by Scott Reed
Well, this wasn't the start to the season many Crimson had hoped for and expected, as Harvard opened 2011 with a 30-22 loss at Holy Cross. The Crimson looked like it still had some kinks to work out, recording -3 on the turnover differential and looking lost at times on pass defense. All had started well for Harvard, and it look like it would be smooth sailing after the Crimson grabbed a 14-3 lead, scoring on its two opening drives of the season - but that would prove to be the high point, as Holy Cross scored 27 straight points.
Following their first drive of the second quarter, which gave them that eleven point advantage, Harvard looked like a different team, surrendering over 300 yards through the air and struggling to move the ball on offense with the same consistency.
Still, there were some positives to take away for Crimson fans. The run defense was solid, allowing only 3.1 yards per carry, and junior quarterback Collier Winters, despite making a couple of costly mistakes (the 97 yard interception returned for a touchdown was a back-breaker), passed for 265 yards and completed more than 50% of his passes. And most importantly, there's this to be proud of for Harvard: the Crimson weren't truly out of the game until Winters threw the final interception with 15 seconds left on the clock. This team could have easily folded after Holy Cross went ahead 30-14, capping that run of 27 unanswered points, yet they battled back after scoring a touchdown of their own and getting the ball at the end with a chance to tie.
And things might certainly improve: we should not put too much stock in a season opener (remember last year's 34-6 shellacking of the Crusaders and the subsequent loss at Brown?), especially one where the opponent is playing its third game of the season. Junior sensation Treavor Scales will almost certainly improve at running back - eventual Ivy co-player of the year Gino Gordon only had 62 yards rushing against Holy Cross last year, albeit on 11 carries. And the pass defense will have to get better.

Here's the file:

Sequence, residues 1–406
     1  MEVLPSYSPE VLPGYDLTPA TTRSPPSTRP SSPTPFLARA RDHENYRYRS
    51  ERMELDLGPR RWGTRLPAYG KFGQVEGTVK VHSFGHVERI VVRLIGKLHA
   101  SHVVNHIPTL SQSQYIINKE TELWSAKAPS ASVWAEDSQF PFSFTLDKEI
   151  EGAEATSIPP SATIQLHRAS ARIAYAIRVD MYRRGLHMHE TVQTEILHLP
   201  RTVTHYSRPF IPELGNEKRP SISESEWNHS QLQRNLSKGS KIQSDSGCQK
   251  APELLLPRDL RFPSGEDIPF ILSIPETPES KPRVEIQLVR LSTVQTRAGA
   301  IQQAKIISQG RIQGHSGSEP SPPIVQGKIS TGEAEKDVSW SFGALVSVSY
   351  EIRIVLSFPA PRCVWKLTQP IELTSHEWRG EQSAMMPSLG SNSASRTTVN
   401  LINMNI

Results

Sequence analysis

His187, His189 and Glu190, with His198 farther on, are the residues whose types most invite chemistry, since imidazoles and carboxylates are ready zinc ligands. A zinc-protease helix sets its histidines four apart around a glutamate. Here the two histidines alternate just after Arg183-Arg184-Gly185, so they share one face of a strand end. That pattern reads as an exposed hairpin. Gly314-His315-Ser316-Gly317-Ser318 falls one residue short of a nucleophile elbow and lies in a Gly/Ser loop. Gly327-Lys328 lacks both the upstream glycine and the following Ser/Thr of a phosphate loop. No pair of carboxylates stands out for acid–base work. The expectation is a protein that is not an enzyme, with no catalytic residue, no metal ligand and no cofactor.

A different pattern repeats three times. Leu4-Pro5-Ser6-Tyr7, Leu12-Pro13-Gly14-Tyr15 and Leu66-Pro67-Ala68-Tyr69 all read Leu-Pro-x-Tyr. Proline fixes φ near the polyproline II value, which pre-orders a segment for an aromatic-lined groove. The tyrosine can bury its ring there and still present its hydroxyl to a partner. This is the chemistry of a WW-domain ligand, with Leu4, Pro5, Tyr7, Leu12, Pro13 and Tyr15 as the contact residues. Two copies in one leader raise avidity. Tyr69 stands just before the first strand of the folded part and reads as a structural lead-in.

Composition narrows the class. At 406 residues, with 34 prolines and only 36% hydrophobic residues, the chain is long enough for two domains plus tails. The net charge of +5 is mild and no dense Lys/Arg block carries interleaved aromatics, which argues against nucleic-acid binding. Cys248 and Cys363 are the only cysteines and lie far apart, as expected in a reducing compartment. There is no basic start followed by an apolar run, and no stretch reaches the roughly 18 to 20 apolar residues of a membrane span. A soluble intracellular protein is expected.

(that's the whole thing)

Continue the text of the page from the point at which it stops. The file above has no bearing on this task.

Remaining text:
Yet all of that does not mean Harvard should feel rosy inside. "It's not a league game," head coach Tim Murphy deadpanned when asked for a positive from yesterday's game. Indeed, the loss will not count in Ivy standings. But, the truth is that Harvard cannot compete for an Ivy League title if it plays like this - more talented teams will be coming down the road in the form of the Brown Bears, the Penn Quakers, and the Yale Bulldogs. And perhaps as little as can be taken from this opening game, a lot will be revealed this coming weekend when Harvard hosts Brown. The Bears should be better than Holy Cross and almost certainly have a better player under center in the form of Kyle Newhall-Caballero. Brown, and the rest of the Ivy League, will provide ample test to these Crimson. Let us hope that by the end of the year the game yesterday will be seen as nothing more than a bumpy start on the way to a successful season.
Scott Reed is the play-by-play commentator for Harvard football and mens' basketball.